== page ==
Khar is a relatively unexplored cuisine of India. Consisting of dry fish cooked with spices and herbs, Khar is a common dish found in many vegetarian as well as non-vegetarian restaurants across the country. In fact, the dish has been enthusiastically embraced by many as an alternative to non-vegetarian food.

Khar is a spicy dry fish curry, a very popular dish from Maharashtra. The main ingredients are fresh fish or dried fish, and spices. The recipe is simple enough to be cooked in a few hours. Khar is typically eaten with steamed rice.

Khar is a simple but highly satisfying dish in which a variety of dry fish – tuna, mackerel, sardines, salmon, and bonito – are marinated in a spicy, garlicky, and mildly tangy mixture of coriander leaves, mustard seeds, green chillies, tamarind paste, and chilli powder. Khar can be enjoyed as a meal by itself, or can be used as a base for many other dishes, such as various types of rotis, rice and dal, or a vegetarian meal.

Green chilies, onion, and a dry fish combination are used to make Khar, a spicy and fiery meal. Khar is a traditional meal from Anantapur (Andhra Pradesh), which my grandmother, relatives, and mother make at home using various methods. My grandma makes khar using a pestle and mortar, whereas my mother uses a grinder or mixer; both produce distinct flavors from the same components. When my father visits his mother’s house, he always requests khar, a very homey meal that is extremely spicy and hot and is not offered in restaurants. The name implies that this meal is fiery and spicy, but the dry fish elevates it to a new level. This meal likewise includes a small number of components. Because dry fish is naturally salty, just a little amount of salt is needed.

Dry fishes such as anchovies (Nathili Meen in Tamil), ribbon fish (Vaalai Meen in Tamil), and king fish are available on the market (Vangaram Meen in Tamil). Fishermen hang these fish to dry in the sun near the beach. As a result, cleaning the fish with water to remove sand (dust) and excess salt is critical.

Ribbon fish or khar king fish may be used for khar king fish. You may just cook the fish in oil, shallow or tava fry, as is. There’s no need to season the dried fish with chilli pepper or marinade, as we do with fresh fish. Khar is delicious with roti (chapathi), jari ki roti, or jowar roti (jowar flour roti) (sorghum flour).


  • 4 tbsp. oil
  • sliced onion (large) – 2
  • 6 to 7 green chilies (long size)
  • 40 to 50 grams dry fish (pieces) (King fish or Ribbon fish)
  • a pinch of salt (to taste)
  • 2 to 3 garlic cloves
  • 40 g or 5 tbsp dry coconut or fresh grated coconut


  • Set aside the onions, which have been sliced. You may use shredded coconut or tiny bits of dried or fresh coconut.
  • I chose garlic cloves that were thicker and larger in size. If you have young children, add 6 to 7 cloves extra.
  • You may utilize any kind of fish, such as king or ribbon fish.
  • Wash the fish first to eliminate any dirt (sand) or salt from the dried fish.
  • You don’t want the oil to splatter on you when frying the dry fish in oil, so wipe it with tissue paper to remove/absorb the extra water.
  • Take a kadai or pan, pour 1 tbsp oil, and fry the fish on both sides till golden brown. No need to add salt or spices, simply cook it as is.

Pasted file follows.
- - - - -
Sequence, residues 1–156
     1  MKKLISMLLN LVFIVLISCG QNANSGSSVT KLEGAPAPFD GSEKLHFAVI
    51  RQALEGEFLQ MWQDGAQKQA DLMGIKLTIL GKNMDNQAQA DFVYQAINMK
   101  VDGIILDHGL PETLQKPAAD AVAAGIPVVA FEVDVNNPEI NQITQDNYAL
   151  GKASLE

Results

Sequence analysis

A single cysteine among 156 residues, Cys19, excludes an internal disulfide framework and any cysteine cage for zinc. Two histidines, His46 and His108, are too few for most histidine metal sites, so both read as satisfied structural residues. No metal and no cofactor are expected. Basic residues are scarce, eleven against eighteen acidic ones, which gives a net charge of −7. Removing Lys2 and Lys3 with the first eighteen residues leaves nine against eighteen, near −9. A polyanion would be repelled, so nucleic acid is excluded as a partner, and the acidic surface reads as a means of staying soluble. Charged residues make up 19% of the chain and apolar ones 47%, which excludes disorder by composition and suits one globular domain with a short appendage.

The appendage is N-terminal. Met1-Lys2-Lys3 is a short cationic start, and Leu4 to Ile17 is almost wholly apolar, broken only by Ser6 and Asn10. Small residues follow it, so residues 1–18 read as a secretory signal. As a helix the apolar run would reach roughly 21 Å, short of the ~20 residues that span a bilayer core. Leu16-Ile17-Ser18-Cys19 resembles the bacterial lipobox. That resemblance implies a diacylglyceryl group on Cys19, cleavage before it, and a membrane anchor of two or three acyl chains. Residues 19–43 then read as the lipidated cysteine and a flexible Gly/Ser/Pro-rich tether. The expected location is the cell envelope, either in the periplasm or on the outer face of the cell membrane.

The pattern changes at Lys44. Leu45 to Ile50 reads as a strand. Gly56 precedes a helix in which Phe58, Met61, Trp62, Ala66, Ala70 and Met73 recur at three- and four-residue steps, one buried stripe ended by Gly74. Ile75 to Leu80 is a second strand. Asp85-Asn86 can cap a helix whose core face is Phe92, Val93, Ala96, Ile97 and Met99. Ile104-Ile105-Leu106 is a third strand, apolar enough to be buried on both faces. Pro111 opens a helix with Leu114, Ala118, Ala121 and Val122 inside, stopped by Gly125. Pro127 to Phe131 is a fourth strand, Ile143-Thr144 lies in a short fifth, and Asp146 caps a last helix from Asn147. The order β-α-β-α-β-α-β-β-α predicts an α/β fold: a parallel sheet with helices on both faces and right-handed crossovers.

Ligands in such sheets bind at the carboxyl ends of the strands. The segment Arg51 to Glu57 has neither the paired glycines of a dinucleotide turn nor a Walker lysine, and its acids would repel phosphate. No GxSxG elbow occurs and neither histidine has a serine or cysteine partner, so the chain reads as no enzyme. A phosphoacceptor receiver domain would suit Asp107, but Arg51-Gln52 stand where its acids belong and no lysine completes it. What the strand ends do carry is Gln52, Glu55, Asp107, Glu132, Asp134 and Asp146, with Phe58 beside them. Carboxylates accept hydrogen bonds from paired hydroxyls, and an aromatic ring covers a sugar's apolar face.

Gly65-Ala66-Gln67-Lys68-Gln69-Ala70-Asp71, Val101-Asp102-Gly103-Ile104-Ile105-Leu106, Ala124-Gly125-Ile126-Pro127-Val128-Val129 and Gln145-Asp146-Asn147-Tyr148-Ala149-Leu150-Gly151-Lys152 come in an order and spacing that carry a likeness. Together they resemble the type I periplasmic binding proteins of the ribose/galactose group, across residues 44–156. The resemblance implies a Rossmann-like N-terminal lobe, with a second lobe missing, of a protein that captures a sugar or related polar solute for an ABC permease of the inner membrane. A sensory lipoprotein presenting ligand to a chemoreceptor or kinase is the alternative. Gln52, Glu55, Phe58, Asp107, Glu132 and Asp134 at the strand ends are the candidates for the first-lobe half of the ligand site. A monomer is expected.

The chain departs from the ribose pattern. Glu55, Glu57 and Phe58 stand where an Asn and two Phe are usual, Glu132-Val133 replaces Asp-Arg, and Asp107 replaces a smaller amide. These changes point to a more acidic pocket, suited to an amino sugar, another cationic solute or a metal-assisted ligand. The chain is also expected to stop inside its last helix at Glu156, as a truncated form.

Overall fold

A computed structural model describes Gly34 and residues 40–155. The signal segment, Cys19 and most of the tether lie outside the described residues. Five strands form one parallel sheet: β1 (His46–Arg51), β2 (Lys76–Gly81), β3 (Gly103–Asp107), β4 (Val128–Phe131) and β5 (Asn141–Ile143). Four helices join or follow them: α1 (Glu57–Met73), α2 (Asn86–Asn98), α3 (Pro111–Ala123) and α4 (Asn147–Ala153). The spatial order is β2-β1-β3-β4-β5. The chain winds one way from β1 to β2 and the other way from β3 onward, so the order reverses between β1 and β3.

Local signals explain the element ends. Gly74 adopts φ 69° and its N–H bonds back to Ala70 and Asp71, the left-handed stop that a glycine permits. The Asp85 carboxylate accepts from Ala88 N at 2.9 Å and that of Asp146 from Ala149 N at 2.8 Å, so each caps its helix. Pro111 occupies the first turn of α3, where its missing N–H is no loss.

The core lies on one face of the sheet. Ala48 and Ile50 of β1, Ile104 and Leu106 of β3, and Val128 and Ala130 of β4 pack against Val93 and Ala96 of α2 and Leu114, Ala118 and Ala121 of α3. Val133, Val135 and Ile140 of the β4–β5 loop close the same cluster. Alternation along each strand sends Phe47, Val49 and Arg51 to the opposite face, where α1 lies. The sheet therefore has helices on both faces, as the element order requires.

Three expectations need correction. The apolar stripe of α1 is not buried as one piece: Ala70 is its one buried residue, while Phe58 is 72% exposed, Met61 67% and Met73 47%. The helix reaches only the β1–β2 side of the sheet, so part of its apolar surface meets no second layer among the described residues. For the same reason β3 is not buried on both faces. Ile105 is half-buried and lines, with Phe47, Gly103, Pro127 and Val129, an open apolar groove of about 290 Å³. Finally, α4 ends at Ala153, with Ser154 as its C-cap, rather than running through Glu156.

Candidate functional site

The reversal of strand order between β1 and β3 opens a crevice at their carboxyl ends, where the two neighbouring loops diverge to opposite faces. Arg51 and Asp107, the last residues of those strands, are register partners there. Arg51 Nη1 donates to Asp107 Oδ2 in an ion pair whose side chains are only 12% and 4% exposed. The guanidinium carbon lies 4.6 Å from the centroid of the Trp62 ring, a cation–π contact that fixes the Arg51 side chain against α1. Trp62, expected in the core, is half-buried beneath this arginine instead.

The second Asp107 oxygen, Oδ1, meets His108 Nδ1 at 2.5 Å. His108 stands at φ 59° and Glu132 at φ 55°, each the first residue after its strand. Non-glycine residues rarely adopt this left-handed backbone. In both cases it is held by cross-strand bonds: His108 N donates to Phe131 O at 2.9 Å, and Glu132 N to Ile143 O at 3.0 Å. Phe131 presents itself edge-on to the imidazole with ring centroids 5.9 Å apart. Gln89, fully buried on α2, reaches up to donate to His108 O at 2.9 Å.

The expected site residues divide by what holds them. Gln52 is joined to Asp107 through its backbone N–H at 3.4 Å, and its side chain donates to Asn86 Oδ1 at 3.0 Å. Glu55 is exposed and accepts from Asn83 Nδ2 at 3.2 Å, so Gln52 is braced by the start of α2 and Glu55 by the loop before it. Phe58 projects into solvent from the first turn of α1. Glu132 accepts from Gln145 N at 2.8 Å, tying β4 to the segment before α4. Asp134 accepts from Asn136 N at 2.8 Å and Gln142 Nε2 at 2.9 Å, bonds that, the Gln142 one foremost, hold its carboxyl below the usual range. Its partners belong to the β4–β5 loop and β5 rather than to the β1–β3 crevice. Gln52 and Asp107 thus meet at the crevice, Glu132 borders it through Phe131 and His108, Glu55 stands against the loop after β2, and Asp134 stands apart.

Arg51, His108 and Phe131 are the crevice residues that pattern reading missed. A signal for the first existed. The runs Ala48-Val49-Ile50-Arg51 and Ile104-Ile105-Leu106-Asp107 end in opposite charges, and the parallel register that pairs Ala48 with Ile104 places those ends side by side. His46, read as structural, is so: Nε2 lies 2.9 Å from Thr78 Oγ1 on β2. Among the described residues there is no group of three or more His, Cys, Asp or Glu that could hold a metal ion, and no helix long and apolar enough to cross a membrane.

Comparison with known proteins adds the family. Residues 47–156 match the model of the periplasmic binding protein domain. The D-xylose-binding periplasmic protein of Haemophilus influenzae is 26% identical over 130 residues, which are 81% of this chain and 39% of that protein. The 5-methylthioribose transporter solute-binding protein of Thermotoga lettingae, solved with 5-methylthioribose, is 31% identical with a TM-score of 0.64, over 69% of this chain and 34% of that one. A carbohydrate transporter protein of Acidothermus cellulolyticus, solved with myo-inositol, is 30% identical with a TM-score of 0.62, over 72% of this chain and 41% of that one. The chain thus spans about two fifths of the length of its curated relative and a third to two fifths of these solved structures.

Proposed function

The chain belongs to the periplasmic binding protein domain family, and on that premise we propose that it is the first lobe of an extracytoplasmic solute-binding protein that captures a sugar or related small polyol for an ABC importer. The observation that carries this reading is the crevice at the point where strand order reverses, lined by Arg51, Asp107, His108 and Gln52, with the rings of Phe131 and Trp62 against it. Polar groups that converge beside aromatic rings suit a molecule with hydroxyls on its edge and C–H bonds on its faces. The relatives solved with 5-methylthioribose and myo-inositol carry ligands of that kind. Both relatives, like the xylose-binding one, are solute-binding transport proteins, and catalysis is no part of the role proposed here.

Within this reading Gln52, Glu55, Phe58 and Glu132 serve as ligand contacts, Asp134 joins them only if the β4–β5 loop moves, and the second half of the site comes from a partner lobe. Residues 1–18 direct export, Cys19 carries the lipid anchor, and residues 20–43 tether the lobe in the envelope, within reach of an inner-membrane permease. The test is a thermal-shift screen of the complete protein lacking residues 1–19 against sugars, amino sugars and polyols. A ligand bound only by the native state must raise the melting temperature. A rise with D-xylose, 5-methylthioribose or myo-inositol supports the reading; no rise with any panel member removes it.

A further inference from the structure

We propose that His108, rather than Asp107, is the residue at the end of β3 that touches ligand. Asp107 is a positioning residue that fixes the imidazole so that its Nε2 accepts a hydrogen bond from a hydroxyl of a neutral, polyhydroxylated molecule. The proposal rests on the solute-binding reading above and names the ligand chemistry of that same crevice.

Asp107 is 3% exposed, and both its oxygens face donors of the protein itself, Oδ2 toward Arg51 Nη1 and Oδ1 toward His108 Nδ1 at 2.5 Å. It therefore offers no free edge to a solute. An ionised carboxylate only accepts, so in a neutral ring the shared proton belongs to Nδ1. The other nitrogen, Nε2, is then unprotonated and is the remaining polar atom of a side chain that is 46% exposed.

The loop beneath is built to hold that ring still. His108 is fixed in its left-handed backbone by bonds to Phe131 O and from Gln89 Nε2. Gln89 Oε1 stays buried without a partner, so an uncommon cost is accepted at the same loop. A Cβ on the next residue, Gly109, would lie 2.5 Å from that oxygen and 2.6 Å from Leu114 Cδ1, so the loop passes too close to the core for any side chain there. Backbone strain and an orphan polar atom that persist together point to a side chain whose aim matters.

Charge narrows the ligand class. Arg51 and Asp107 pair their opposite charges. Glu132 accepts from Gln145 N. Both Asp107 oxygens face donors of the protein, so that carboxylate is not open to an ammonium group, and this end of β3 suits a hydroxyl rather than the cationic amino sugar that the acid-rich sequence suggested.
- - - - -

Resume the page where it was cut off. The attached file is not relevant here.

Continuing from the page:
• If necessary, sprinkle some oil in between. Remove the chicken and set it aside on a dish after it has been thoroughly cooked on both sides.
  • Heat the same kadai or another pan in which the fish was cooked. When the oil is hot, add the onions and cook until they are golden and caramelized. Remove the item and set it away.
  • In the same pan or tava, roast the green chilies, coconut, and garlic until they become a roasted color, as seen in the image. When it’s done roasting, turn it off and set it aside. It should be cooked over a medium heat.
  • To make the coarse powder, first crush the coconut, then add the green chilies, garlic, salt, and dried fish. The powder should be dry, not paste or chutney-like.
  • Green chilies, garlic, salt, coconut, and dried fish should all be ground into a coarse powder, not a paste or chutney.
  • On a dish, spread the fried onions, then add the ground masala and stir thoroughly.
  • Check the seasoning by tasting it to see if it needs more salt.
  • In villages, people use a pestle and mortar to pound the masala into a coarse powder that has more flavor.
  • It’ll be hot and spicy, and it’ll go well with roti or paratha. To reduce the heat from the chilies, smear ghee on the khar and consume it.


  • If you don’t enjoy spicy cuisine, cut down on the chillies.
  • You may use any salty dry fish for this.
  • Garlic may be reduced or avoided.
  • When grinding the dried fish pieces, keep them coarse and leave some tiny parts so that when you eat it, it tastes nice.
  • If you’re using grated coconut, roast it last and separately over a medium or low heat to prevent burning it.
  • I’ve made khar using both fresh frozen coconut and dried coconut, and both were delicious.


A few weeks ago, our nose was suddenly assaulted by the smell of a fresh Khar masala. Yes, the popular spice mixture that is used to flavor several types of fish dishes–including the famous Fish Curry–has been in the news lately. Of course, the fact that the spice mix is made from dried spices, rather than a fresh one, was noticed instantly.. Read more about apollo fish and let us know what you think.